Ibrahim et al. [20] performed fractal analysis measurements with CBCT and demonstrated high accuracy of measurements as compared to dental radiographs for the diagnosis and follow-up of implant. However, the effective exposure dose during dental tomography is considerably higher than that during dental radiography. Therefore, CBCT is not indicated for the assessment of implant follow-up for all cases of implantation [25].

Fractal analysis of bone microstructure on dental radiographs may be useful for diagnostic applications; however, the histological microstructures of the bone cannot be visualized by any clinical imaging modality. Corpas et al. [12] stated that minor changes in bone occurring over a short-term period can be followed up with digital intraoral radiography; however, the results of radiographic fractal analysis did not match that of histological fractal analysis.

The box counting method quantitatively describes the severity of bone disease and can be used to improve the current diagnostic techniques. Updike et al. [10] found that the fractal analysis determined the differences between the bones affected and not affected by periodontal diseases.

Coşgunarslan et al. [11] evaluated 240 DPRs of lactating (3–6 months duration) and nulliparous women by the fractal box counting method and found a significant difference between the FD values of the cancellous bone but no significant difference between the FD values of the cortical bones. This observation may have resulted from the fact that fractals affect cortical bone much later than the cancellous bone. Further study is needed to assess fractal analysis of the cortical bones.

Fractal dimension values on dental radiographs have been reported to differ between dentate and edentulous patients [19]. Moreover, the quality of trabecular bone architecture can be determined with fractal analysis on direct digital dental radiographs.

Zeytinoğlu et al. [15] reported significantly reduced mean FD values of the peri-implant trabecular bone at 6 months after prosthetic loading. Contrastingly, Mu et al. [14] found significant increase in the mean fractal dimension at 12 months after prosthetic loading. According to our results, the mean fractal dimension values decreased at 6–12 months after implant loading, but no significant difference was found.

There are some limitations of this study. One of them is the limited sample number of the failed implants. To assess the required sample size, power analyses were conducted. Unfortunately, we have limited number of follow-up radiographs of patients with failed implants. This study may be useful as a pilot study for further studies with much more sample size. Second, although periapical radiography is a high-resolution intraoral imaging method for FD analysis, panoramic radiographs were used because this study was retrospective. Finally, in this study, the ROI selection was not a specific frame size. The effect of ROI position and size on FD measurements is unclear. It has been proved that determining the exact ROI location and size may not make a significant difference, but there is no consensus on this idea [26].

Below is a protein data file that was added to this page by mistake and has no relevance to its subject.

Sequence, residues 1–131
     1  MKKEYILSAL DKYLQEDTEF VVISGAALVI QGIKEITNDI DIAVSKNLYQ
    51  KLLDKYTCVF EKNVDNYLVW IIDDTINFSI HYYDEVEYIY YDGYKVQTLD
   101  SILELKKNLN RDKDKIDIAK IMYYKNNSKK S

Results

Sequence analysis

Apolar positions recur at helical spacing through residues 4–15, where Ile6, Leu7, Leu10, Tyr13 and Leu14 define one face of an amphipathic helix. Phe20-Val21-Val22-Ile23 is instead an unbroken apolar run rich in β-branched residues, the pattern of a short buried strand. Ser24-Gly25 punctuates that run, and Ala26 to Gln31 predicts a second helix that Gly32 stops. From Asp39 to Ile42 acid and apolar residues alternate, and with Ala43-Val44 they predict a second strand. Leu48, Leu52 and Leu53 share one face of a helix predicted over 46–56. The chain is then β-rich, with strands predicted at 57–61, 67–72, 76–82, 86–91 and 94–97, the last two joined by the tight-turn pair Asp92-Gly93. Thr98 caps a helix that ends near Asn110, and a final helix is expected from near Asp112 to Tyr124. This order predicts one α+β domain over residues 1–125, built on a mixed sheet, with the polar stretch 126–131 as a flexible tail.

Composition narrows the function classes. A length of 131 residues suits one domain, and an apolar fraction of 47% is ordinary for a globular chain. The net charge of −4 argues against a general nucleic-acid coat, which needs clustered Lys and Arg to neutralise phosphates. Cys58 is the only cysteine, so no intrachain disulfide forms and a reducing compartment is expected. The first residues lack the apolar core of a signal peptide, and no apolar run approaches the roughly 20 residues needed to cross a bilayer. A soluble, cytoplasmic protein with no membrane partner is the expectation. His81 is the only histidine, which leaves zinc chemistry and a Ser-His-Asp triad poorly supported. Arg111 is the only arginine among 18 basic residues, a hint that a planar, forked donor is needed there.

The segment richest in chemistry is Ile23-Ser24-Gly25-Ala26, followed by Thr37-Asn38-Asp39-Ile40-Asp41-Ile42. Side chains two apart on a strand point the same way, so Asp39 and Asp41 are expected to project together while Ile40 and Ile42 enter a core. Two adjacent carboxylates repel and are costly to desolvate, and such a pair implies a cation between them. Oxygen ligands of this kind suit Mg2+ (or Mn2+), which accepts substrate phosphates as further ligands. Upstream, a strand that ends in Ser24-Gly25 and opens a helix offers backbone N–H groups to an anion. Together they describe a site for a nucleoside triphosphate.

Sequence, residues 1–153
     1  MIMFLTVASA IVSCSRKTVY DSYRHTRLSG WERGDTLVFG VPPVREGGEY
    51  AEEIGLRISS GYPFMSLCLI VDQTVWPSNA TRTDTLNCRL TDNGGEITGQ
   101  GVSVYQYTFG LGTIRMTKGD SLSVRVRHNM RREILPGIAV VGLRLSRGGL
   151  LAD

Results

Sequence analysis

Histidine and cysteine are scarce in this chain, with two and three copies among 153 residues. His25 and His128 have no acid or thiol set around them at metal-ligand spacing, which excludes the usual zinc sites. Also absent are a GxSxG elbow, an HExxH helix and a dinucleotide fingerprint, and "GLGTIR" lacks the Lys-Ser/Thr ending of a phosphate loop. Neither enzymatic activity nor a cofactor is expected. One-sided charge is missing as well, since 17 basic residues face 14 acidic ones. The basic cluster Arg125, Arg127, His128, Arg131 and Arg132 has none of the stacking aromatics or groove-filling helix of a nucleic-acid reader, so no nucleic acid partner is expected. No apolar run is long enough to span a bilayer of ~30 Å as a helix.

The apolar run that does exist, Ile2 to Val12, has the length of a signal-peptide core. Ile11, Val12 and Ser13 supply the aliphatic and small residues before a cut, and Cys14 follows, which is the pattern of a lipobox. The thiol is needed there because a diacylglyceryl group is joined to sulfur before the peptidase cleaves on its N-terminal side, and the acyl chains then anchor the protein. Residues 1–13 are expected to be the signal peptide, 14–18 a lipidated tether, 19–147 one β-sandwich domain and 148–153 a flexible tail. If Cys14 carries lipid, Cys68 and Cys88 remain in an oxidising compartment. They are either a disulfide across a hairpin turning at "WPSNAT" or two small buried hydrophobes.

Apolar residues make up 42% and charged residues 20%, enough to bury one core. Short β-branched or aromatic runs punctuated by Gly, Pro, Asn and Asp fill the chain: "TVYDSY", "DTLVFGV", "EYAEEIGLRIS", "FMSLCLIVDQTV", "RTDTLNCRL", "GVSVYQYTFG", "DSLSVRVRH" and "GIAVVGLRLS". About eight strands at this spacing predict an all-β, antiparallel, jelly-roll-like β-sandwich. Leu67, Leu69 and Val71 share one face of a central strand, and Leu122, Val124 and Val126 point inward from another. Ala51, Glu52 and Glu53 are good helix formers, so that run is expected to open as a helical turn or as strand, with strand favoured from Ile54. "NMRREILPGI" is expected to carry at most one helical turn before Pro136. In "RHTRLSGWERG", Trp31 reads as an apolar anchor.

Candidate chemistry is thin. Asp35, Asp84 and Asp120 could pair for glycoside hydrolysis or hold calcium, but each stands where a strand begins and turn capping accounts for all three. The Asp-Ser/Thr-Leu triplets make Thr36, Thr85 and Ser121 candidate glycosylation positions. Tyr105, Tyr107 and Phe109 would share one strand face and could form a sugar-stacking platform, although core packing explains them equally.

Fractal analysis is a useful method to measure the trabecular microstructure of bone in nonstandardized dental radiographs. The present study has a low power to reject the null hypothesis because of the low number of cases of failed implants. Therefore, further studies with a large sample size are warranted. Assessing a series of studies can provide certain cut-off values; this can enable to routinely use fractal analysis to assess bone quality on radiological images before implantation in clinical settings.

Availability of data and materials

Not Applicable



Dental panoramic radiographs


Fractal dimension 0 (preoperative)


Fractal dimension 1 (0–1 months of follow-up)


Fractal dimension 2 (1–3 months of follow-up)


Fractal dimension 3 (6–12 months of follow-up)


Fractal dimension 4 (12 + months of follow-up)


Cone beam computed tomography


Region of interest


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The work was supported by the Department of Oral & Maxillofacial Radiology, Nuh Naci Yazgan University in Kayseri, Turkey.

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AGG collected the patient data. HCK performed the measurements of the images, and was a major contributor in writing the manuscript. All authors read and approved the final manuscript.

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Correspondence to Hatice Cansu Kış.

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Hatice Cansu Kış and Ayşegül Güleryüz Gürbulak declare that they have no competing interests.

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Kış, H.C., Güleryüz Gürbulak, A. Evaluation of the peri-implant bone trabecular microstructure changes in short implants with fractal analysis. Int J Implant Dent 6, 13 (2020).

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  • Fractal analyses
  • Fractal dimension
  • Dental implants
  • Trabecular bone microstructure